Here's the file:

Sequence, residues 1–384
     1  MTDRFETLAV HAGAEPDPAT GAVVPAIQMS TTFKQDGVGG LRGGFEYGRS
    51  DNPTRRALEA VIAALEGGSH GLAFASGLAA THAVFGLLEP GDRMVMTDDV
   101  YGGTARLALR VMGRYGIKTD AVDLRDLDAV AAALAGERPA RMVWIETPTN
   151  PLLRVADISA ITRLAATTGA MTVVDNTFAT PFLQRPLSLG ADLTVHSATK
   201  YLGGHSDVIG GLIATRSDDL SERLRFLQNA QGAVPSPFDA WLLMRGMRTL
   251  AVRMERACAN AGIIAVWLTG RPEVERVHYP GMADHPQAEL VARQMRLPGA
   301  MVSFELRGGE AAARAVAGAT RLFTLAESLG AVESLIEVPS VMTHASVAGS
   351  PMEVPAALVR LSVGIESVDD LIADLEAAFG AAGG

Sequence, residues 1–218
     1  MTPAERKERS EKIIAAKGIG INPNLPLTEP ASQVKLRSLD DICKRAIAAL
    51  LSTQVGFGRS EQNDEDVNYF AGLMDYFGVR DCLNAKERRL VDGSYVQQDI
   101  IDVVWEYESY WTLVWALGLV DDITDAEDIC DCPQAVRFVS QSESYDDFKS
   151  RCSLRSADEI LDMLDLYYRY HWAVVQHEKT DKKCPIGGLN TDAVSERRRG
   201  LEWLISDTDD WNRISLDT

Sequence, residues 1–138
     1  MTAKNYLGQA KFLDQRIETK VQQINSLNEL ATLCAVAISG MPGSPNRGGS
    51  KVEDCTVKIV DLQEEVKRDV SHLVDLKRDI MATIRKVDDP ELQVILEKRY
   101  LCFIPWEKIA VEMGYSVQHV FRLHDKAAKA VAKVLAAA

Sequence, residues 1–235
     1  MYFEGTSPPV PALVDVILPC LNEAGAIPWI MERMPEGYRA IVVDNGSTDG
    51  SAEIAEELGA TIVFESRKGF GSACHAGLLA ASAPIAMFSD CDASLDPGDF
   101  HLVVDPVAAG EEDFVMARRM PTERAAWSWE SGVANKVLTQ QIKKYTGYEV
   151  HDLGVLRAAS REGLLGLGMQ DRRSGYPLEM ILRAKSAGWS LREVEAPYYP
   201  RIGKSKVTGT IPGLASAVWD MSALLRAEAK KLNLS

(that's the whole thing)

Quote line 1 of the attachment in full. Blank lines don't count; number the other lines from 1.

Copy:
Sequence, residues 1–384